Emanuel Ungaro has never been shy about breaking the fashion mold. In 2009, it tapped Lindsay Lohan as artistic adviser alongside an almost unknown chief designer. It’s had a revolving door of them since, and now Marco Colagrossi, its most recent artistic director, has exited after just two seasons. He and the French fashion house “mutually decided” to part ways after the fall collection, following two seasons at the helm, according to a spokeswoman.
Ungaro’s spring line was created by an in-house team under Roy Luwolt, a shoe executive, who is serving as a strategic adviser to the label. His footwear brand, Malone Souliers, has had a licensing agreement for women’s shoes with Ungaro since December 2017. The spokeswoman said the license was extended to the house’s women’s ready-to-wear business for the spring season.
His tie-up with Ungaro — not to mention fashion — might be recent, but Luwolt takes a bar-none approach to creating or describing it. Sporting a yellow corduroy jacket and trousers over a blue printed shirt, Luwolt stepped past the brightly colored cord that encircled a room, including entryways, and from which the Avenue Montaigne brand’s spring collection hung.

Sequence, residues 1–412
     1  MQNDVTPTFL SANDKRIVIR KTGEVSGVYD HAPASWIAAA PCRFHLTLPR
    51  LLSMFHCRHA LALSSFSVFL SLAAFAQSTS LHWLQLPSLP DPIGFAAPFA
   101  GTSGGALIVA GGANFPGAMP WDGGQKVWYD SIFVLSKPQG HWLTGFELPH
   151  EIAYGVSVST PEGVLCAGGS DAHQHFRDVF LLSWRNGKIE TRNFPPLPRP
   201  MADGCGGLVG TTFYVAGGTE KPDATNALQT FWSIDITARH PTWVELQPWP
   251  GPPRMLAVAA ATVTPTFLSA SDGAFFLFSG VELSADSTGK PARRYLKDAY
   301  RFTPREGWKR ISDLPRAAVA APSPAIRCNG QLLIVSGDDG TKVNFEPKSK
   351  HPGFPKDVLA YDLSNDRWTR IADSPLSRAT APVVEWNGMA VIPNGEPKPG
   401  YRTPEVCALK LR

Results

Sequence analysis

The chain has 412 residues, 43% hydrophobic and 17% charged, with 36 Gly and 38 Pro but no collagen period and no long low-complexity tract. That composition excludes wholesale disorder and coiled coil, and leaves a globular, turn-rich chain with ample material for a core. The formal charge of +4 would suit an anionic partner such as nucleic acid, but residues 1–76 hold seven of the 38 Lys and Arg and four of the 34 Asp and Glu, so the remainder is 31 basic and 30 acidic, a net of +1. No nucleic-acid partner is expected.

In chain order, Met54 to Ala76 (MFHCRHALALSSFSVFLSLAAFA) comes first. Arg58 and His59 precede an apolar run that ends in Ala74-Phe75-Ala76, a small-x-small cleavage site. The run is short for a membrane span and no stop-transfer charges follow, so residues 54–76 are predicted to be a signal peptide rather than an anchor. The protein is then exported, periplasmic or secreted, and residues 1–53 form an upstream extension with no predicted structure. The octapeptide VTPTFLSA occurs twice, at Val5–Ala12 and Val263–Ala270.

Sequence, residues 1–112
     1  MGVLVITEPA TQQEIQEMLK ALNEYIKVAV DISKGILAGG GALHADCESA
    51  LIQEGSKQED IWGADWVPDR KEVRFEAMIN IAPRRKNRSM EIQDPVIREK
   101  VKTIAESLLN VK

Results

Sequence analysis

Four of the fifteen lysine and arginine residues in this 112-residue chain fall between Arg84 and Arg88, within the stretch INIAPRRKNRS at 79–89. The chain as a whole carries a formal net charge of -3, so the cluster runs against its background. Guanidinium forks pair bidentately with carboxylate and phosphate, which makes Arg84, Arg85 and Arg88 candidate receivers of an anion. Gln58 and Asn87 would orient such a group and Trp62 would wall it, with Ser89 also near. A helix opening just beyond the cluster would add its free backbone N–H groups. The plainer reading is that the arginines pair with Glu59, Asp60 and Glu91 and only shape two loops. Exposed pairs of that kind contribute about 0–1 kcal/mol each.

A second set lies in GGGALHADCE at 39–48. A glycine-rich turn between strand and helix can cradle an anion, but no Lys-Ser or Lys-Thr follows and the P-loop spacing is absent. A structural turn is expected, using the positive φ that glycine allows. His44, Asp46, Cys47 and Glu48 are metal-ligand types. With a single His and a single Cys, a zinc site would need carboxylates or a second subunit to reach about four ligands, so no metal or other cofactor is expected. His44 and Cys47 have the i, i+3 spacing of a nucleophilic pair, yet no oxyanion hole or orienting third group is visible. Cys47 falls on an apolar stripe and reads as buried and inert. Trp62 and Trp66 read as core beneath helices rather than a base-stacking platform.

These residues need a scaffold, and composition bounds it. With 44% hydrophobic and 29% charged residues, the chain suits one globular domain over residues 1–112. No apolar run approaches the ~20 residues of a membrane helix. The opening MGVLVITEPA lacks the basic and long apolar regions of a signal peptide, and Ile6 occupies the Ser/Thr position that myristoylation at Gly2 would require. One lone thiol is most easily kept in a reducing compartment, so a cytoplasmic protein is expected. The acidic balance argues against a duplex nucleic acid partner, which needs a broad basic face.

Next door was displayed Malone Souliers shoes and white shirts from the label Absence of Paper, which Luwolt launched earlier this year.
He called out orders for models’ clothes to be draped just so, as people scurried about with pieces of the collection that included a pink evening dress, a pants outfit with a sash and an array of oversized masculine jackets.
Whereas Colagrossi gingerly nodded to the house’s codes, Luwolt took an opposite tack. He said the archives were looked at “to educate, but not inform” and used for “interpretation rather than adoption.”
The approach is interesting in theory but tricky in practice, as the disparate spring collection attests.